Damascus, Syria, September 16 – The United Nations Truce Supervision Organization (UNTSO) for the Middle East is altering the designation of the international soldiers deployed to monitor cease-fire lines to more accurately reflect their status and mission. Starting October 1, the “peacekeeper” designation will be replaced by “sitting duck.”
The renaming comes after a series of incidents in which UN peacekeepers monitoring compliance with the 1974 agreements between the Israeli and Syrian armies came under attack and were taken captive by rebels fighting the Syrian government, though they were subsequently released into Israeli territory. Other UN troops in the Demilitarized Zone were rescued from a rebel siege through the intervention of a separate UN convoy that came under fire. Given that the force’s mandate does not include serious combat activity, it cannot present a serious deterrent to an entity uninterested in maintaining peace, and its soldiers become pawns. The UNTSO commander, Major General Michael Finn of Ireland, has decided to rename the UN peacekeepers under his command “sitting ducks.”
UN sitting ducks will continue to perform the same duties as before under the new name, says Finn. “It is not the nature of the missions that has changed, but the precision of the terminology,” he said. As before, UN sitting ducks will mark minefields and educate locals about the dangers; oversee the movement of people and agricultural produce; and conduct regular surveys of area military facilities to ascertain that the limits on troop concentrations are followed.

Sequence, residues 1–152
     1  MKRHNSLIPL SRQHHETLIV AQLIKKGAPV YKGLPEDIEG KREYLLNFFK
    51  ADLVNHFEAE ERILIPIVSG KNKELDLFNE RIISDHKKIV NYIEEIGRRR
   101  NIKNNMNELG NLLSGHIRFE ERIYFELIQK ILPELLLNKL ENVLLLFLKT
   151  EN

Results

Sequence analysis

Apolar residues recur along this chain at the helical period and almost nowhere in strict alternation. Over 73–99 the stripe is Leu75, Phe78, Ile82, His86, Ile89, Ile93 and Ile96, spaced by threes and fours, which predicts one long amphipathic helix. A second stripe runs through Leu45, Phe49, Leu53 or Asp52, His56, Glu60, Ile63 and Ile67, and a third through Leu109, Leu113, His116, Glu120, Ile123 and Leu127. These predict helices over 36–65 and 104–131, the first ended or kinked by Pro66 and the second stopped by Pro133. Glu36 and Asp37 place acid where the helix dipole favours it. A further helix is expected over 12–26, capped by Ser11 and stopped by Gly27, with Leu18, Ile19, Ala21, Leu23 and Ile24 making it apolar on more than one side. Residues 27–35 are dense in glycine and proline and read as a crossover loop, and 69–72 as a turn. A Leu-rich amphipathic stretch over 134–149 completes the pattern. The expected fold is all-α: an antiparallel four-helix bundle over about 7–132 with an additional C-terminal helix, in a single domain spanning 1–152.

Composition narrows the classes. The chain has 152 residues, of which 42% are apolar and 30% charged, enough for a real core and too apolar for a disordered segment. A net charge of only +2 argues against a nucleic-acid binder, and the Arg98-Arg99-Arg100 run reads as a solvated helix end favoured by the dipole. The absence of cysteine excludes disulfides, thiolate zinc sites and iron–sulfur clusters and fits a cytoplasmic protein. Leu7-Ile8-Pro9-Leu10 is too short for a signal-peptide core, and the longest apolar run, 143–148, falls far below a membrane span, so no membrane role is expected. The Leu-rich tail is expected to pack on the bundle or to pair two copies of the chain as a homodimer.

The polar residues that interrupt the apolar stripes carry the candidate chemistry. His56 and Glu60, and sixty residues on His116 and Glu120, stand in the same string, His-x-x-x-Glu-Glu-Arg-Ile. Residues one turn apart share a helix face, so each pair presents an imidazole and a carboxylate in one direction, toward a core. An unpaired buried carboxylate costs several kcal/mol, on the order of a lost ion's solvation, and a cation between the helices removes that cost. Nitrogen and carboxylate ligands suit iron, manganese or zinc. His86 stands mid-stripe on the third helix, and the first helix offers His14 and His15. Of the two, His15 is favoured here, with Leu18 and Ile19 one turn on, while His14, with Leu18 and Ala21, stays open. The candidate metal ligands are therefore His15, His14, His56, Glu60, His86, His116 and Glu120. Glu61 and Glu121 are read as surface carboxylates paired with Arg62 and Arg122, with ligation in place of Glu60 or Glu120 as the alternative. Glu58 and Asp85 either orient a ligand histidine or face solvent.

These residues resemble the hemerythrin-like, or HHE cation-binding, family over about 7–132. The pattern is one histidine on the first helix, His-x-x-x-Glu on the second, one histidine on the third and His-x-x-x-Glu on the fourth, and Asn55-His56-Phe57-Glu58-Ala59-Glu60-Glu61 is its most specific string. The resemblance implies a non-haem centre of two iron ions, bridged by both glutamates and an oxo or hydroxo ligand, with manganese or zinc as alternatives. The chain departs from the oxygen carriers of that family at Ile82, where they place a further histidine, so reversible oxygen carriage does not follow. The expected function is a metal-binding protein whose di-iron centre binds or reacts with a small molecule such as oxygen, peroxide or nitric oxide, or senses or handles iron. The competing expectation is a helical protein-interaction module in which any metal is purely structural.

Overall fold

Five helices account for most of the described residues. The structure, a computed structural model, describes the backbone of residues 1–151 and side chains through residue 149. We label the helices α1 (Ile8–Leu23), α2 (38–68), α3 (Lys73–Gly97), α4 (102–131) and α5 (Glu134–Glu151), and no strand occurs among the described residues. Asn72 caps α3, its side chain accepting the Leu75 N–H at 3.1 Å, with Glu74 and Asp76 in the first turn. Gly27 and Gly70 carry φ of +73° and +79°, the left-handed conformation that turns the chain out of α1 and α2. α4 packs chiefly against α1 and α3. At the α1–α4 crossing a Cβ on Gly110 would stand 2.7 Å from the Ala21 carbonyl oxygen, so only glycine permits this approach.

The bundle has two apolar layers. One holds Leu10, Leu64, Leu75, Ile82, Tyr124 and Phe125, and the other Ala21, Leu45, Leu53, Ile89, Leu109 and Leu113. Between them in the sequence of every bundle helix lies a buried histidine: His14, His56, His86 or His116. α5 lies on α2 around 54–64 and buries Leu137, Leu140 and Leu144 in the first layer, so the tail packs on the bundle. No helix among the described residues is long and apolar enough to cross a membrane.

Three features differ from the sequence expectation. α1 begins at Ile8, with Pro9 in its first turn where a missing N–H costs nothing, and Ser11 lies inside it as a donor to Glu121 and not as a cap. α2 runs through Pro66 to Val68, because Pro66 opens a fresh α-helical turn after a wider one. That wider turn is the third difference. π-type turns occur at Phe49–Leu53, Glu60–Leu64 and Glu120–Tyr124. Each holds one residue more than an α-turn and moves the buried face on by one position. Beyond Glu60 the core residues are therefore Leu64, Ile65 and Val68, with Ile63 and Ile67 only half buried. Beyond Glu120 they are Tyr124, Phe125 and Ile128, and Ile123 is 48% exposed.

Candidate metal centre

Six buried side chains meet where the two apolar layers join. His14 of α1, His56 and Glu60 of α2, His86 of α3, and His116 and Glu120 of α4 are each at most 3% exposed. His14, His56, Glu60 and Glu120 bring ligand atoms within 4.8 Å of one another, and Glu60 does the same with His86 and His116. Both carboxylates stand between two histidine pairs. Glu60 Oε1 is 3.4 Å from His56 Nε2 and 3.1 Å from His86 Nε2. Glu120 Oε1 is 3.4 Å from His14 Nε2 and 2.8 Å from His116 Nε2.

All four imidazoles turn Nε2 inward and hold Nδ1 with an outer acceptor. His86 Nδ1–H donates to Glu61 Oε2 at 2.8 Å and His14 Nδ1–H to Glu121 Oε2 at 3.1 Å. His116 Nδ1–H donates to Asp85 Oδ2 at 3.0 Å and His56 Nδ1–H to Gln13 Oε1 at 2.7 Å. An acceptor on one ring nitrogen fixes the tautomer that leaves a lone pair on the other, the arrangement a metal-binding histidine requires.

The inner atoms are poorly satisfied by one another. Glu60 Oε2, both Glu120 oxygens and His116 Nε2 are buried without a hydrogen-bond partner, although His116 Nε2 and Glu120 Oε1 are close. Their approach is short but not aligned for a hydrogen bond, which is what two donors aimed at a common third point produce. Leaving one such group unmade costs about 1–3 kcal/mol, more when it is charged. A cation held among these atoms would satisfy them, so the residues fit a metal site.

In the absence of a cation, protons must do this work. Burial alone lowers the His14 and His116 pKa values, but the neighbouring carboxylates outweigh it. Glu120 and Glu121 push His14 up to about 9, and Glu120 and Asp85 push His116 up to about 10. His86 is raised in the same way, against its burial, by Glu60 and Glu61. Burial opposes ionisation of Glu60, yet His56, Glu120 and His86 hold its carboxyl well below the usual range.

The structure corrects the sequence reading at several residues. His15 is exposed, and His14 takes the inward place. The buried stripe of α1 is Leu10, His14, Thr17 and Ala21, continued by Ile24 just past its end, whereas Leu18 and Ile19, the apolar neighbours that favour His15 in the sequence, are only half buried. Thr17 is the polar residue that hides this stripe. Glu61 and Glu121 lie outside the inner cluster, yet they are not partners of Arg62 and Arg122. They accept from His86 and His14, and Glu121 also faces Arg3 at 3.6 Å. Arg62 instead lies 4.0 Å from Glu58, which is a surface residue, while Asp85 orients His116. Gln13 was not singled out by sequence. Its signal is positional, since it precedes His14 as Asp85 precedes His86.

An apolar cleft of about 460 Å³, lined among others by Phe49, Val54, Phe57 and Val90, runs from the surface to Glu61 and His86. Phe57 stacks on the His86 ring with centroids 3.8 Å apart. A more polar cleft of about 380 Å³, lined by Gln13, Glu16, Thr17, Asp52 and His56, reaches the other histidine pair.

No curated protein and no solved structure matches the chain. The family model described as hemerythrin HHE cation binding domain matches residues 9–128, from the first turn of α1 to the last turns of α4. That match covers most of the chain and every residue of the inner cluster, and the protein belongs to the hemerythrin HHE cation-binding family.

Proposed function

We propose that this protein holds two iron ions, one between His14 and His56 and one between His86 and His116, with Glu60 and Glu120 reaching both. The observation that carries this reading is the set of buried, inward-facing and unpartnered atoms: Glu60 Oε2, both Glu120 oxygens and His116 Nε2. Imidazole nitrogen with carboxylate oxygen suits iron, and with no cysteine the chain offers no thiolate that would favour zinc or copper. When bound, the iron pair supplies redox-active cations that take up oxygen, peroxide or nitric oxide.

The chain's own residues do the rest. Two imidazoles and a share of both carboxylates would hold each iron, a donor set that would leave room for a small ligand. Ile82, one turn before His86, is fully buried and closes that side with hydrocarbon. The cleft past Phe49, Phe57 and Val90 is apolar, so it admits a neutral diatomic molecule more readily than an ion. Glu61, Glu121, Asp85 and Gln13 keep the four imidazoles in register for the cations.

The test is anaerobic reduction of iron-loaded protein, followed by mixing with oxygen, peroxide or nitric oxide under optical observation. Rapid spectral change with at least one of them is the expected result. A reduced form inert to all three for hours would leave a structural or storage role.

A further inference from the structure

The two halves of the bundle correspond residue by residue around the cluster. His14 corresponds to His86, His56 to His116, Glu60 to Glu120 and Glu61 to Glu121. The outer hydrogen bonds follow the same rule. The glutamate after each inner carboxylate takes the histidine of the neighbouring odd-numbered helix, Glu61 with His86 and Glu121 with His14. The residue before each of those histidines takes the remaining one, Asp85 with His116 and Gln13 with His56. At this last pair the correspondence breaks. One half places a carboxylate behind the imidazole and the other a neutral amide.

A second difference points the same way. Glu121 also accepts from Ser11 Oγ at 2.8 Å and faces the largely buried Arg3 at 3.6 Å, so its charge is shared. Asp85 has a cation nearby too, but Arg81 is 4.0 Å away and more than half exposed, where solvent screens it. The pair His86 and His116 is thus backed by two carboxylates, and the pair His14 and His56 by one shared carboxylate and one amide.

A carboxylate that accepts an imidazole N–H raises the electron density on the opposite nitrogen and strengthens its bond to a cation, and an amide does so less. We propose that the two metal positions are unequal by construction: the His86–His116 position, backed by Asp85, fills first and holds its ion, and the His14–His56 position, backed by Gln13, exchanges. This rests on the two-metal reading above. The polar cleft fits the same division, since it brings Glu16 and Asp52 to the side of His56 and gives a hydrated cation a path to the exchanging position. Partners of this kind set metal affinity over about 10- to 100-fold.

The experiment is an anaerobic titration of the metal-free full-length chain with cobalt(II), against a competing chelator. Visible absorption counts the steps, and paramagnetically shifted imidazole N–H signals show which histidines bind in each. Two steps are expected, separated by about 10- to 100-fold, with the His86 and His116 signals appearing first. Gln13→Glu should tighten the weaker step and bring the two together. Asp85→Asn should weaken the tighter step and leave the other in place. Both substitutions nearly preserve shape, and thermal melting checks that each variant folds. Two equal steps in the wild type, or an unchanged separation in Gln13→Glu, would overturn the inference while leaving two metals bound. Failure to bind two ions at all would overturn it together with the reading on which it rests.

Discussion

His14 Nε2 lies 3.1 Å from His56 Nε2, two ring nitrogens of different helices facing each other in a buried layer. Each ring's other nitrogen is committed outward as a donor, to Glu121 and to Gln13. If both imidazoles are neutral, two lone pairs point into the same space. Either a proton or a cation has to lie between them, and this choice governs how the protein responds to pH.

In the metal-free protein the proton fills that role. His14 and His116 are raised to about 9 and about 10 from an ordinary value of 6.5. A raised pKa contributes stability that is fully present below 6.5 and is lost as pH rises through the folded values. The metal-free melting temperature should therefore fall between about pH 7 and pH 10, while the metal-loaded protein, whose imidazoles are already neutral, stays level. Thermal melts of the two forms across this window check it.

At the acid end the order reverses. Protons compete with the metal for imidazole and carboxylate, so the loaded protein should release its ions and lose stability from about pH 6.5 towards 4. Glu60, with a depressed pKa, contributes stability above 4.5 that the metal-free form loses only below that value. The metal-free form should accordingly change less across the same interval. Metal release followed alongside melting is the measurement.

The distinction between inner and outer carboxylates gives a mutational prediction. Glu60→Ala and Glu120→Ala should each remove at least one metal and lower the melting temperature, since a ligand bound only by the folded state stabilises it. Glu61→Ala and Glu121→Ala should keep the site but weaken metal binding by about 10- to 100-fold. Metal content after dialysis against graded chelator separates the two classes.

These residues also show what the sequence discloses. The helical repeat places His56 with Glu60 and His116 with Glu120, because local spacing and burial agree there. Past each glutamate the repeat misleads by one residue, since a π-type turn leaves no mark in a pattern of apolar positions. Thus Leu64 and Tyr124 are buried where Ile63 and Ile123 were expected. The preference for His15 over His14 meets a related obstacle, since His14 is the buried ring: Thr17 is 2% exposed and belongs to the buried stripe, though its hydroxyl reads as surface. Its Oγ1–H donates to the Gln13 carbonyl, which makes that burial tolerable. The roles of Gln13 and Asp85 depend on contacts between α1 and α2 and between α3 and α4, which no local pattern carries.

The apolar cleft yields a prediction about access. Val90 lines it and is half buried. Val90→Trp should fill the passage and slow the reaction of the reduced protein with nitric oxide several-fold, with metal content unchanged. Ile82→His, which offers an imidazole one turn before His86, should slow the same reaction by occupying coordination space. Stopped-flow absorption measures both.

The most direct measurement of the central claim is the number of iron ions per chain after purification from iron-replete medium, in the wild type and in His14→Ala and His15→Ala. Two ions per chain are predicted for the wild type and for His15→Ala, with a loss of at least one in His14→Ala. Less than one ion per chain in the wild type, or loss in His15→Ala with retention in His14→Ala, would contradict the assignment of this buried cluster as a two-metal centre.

Regarding the last, since Al Nusra Front fighters ousted Syrian Army troops and imprisoned the sitting ducks, there are no Syrian troop concentrations to monitor in certain segments of the Golan Heights frontier. Rebel troops lie outside the force’s mandate to monitor or confront, and the Security Council resolutions governing the 1974 agreement do not refer to belligerents other than the IDF and the Syrian military. This places all UN troops along the DMZ in a more precarious position, making the term “sitting duck” even more applicable.
To accompany the shift in nomenclature, sitting ducks will be outfitted with new uniforms and headgear. Whereas until now the familiar blue berets and helmets have graced the troops, the sitting ducks will soon be issued mallard-inspired fatigues and a helmet with a yellow or orange bill. Higher-ranking officers will wear entirely yellow or white uniforms and yellow boots.
For more of David’s tasteless sarcasm, visit PreOccupied Territory.